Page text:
Renewable Heat Incentive for non-domestic customers

The non-domestic Renewable Heat Incentive (RHI) scheme was suspended on 29 February 2016.

Tariffs for installations

The table below shows the tariffs for each technology type from 1 April 2018. These tariffs have been adjusted in line with the 4.1 per cent increase in the Retail Price Index (RPI) in 2017, rounded to the nearest tenth of a penny.

The increase in the tariff rates means that a 99kW boiler with a 350,000kWhth heat load will receive £610 more in RHI payments in 2018/19 compared with 2017/18.

Tariff name Eligible technology Eligible sizes Tariff rate 2018/19 from 1 April 2018 (p/kWh)
Small commercial biomass and municipal solid waste Commercial biomass / waste <20 kWth

Tier 1: 7.3

Tier 2: 1.6

Medium commercial biomass and municipal solid waste Commercial biomass / waste 20 to <200 kWth

Tier 1: 7.0

Tier 2: 1.6

Large commercial biomass and municipal solid waste Commercial biomass / waste 200 to <1 MWth 1.6
Small commercial heat pumps and deep geothermal Ground/water-source heat pumps and deep geothermal <20 kWth 9.7
Medium commercial heat pumps and deep geothermal Ground/water-source heat pumps and deep geothermal 20 to <100 kWth 5.0
Large commercial heat pumps and deep geothermal Ground/water-source heat pumps and deep geothermal >100 kWth 1.4
All solar collectors Solar collectors <200 kWth 9.8

Continuation of the 2017 changes to the tariff system

The Renewable Heat Incentive Scheme (Amendment) Regulations (Northern Ireland) 2017 came into operation on 1 April 2017.  

The changes introduced in 2017 and subsequently extended apply the 'tiered' tariff system first introduced on the 18 November 2015, to all small and medium biomass installations accredited on or before the 17 November 2015.  This means that the table above applies to all accredited installations on the scheme, no matter when they joined the scheme (so there will be no change to installations with an accreditation date on or after 18 November as they are already on the 'tiered' tariff system). 

The 2017 Regulations were due to expire on 31 March 2018. However, their effect has been extended by a further year to 31 March 2019. Further information on the extension of the 2017 Regulations can be viewed on the Department for the Economy’s website at the link below:

The 'tiered' tariff system

This ‘tiered’ tariff structure operates on a 12 month basis, starting with an installation’s date of accreditation or its anniversary. During this 12 month period, the initial amount of heat generated by the installation running at its installation capacity for 1,314 hours will be paid at the higher Tier 1 tariff. Any further heat generated during this 12 month period will be paid at the lower Tier 2 tariff, up to a maximum of 400,000kWhth.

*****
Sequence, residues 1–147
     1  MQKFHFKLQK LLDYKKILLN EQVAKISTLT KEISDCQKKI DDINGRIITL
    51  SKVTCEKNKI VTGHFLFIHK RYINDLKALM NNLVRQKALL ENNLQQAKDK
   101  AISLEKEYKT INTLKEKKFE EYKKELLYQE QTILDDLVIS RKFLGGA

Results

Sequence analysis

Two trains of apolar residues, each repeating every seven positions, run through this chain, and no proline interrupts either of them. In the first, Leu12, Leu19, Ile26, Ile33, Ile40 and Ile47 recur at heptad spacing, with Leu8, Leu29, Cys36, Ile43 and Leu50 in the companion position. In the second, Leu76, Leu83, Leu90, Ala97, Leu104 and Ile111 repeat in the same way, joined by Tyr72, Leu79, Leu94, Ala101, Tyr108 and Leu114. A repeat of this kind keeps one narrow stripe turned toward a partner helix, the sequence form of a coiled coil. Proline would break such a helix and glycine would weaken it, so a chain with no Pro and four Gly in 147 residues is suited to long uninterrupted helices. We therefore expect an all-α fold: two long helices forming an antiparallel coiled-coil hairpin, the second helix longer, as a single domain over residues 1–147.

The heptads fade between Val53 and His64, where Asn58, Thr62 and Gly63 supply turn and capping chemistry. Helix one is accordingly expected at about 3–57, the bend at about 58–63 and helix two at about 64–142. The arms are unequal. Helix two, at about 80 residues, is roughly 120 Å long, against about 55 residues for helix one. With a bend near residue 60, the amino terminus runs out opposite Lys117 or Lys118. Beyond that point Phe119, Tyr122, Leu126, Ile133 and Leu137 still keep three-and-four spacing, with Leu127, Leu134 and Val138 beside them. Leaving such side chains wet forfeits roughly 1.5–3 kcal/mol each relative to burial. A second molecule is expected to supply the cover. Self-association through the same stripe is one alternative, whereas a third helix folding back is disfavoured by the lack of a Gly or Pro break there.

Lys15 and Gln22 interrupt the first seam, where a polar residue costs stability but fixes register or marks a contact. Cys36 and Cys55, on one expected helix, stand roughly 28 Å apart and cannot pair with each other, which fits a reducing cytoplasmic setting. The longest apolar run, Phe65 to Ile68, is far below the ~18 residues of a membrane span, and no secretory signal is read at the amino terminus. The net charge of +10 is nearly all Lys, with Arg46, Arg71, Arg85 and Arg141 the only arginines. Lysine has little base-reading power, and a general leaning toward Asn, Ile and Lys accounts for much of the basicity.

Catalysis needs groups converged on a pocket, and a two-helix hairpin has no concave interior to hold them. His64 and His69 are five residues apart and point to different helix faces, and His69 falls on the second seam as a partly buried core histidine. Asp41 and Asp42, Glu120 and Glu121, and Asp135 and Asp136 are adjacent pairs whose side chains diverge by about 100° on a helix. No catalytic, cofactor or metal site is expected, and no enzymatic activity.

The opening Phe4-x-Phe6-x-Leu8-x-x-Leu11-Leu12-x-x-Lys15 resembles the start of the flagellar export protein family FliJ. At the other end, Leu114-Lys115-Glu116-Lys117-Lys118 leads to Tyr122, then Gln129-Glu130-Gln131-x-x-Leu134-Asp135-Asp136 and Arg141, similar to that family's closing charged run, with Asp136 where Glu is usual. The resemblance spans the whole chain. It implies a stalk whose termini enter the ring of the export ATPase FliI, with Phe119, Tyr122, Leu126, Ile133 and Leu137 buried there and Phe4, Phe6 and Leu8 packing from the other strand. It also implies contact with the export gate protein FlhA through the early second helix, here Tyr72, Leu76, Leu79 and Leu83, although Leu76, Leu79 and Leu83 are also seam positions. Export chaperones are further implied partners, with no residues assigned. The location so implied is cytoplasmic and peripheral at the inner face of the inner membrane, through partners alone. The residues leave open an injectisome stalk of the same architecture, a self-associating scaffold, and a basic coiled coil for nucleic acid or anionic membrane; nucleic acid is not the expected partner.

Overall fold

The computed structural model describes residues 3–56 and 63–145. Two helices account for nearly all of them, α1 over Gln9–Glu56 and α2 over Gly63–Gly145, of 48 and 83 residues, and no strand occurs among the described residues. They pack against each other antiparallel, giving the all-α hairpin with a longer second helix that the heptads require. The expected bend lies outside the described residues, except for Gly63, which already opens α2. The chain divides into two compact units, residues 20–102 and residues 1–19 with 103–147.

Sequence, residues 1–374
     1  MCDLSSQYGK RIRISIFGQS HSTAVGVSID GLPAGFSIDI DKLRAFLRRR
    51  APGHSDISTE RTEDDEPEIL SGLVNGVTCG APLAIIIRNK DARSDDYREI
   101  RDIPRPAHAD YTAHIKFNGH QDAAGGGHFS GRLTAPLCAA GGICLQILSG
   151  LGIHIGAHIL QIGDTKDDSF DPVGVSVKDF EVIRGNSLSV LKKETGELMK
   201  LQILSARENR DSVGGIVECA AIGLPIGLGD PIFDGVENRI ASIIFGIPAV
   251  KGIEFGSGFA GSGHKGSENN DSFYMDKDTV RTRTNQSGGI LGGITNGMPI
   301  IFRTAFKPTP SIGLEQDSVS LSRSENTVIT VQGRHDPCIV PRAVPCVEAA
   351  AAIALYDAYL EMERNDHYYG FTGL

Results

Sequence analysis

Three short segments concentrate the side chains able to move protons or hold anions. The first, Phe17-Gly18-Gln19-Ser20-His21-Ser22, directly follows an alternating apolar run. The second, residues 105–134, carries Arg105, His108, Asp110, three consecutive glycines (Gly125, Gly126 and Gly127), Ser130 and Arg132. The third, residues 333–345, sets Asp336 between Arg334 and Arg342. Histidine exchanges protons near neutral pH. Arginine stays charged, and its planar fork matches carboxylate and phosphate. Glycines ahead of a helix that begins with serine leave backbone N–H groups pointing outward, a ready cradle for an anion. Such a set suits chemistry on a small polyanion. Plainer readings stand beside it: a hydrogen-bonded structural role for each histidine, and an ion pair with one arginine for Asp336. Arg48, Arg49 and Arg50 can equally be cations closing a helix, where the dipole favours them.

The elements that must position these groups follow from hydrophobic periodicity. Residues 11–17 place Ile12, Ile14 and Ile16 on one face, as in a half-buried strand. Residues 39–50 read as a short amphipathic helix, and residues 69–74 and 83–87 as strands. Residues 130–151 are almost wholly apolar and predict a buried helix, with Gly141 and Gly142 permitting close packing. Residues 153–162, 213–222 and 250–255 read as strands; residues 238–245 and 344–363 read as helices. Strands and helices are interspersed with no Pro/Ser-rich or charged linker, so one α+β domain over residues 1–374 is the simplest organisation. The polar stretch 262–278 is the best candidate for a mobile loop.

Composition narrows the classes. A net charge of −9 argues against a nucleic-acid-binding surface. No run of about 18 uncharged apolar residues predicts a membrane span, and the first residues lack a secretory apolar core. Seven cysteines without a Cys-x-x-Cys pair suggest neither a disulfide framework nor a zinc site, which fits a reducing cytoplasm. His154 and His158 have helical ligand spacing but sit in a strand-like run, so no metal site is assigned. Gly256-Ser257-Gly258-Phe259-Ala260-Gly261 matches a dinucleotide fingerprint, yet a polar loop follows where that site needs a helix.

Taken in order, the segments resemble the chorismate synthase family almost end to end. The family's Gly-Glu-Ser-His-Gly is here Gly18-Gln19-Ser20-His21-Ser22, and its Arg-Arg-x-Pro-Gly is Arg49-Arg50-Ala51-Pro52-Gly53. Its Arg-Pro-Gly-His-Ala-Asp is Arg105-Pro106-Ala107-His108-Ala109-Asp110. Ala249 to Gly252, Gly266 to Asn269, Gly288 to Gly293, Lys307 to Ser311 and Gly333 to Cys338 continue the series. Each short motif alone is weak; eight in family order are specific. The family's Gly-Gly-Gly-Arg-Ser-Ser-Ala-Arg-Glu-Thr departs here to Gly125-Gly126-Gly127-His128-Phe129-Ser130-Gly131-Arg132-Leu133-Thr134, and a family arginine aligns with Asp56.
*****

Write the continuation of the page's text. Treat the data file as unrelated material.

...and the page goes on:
On the first anniversary of the date of accreditation after 1 April 2017, the amount of generated heat will be taken to start again from zero and the tiered tariffs will be applied until the next anniversary of the installation’s accreditation or a further change in the Regulations.

Meter readings and payments

You must continue to submit meter readings so that the following year’s payments can be calculated accurately. When you submit your meter readings each quarter, Ofgem can determine how much heat you have generated cumulatively over the 12 months since your anniversary date. 

Ofgem will tell you via a message on the RHI Register if you have reached your 400,000 kWhth cap based on your submitted meter readings and pay you for all eligible heat output up to this cap. If you have generated more than the 400,000kWhth cap in the relevant year and been paid for it, you will receive no further payments up to your anniversary date. However you must continue to submit meter readings even after passing this cap.

Worked examples

Example 1

AN Other Engineering has one 99kW biomass boiler, accredited on 7  June 2015.  This received a tariff of 6.7p per kWh up until 1 April 2018. 

At 1  April 2017, this boiler has been running for 2,058 hours, therefore payments for it move to Tier 2 and all useable heat generated from this point, up to the cap of 400,000kWth, will be paid at 1.6p until the anniversary of the accreditation date of 7  June. 

On 7 June 2018, the company will once again receive payments at the higher (Tier 1) tariff until it has been running for 1,314 hours.

Example 2

AN Other Engineering has one 99kW biomass boiler, accredited on 14  July 2015.  This received a tariff of 6.7p per kWh up until 1 April 2018. 

At 1 April 2018, this boiler has been running for 975 hours therefore the changes will not impact on payments for this boiler and it will continue to receive the higher (Tier 1) tariff of 7p until it reaches 1,314 hours.

Additional actions

No additional action is required at present; you should continue to submit your meter readings and comply with your ongoing obligations as usual. If any additional information is required you will be contacted directly.

Further advice

If you need further advice, please contact Ofgem's dedicated RHI enquiry line:

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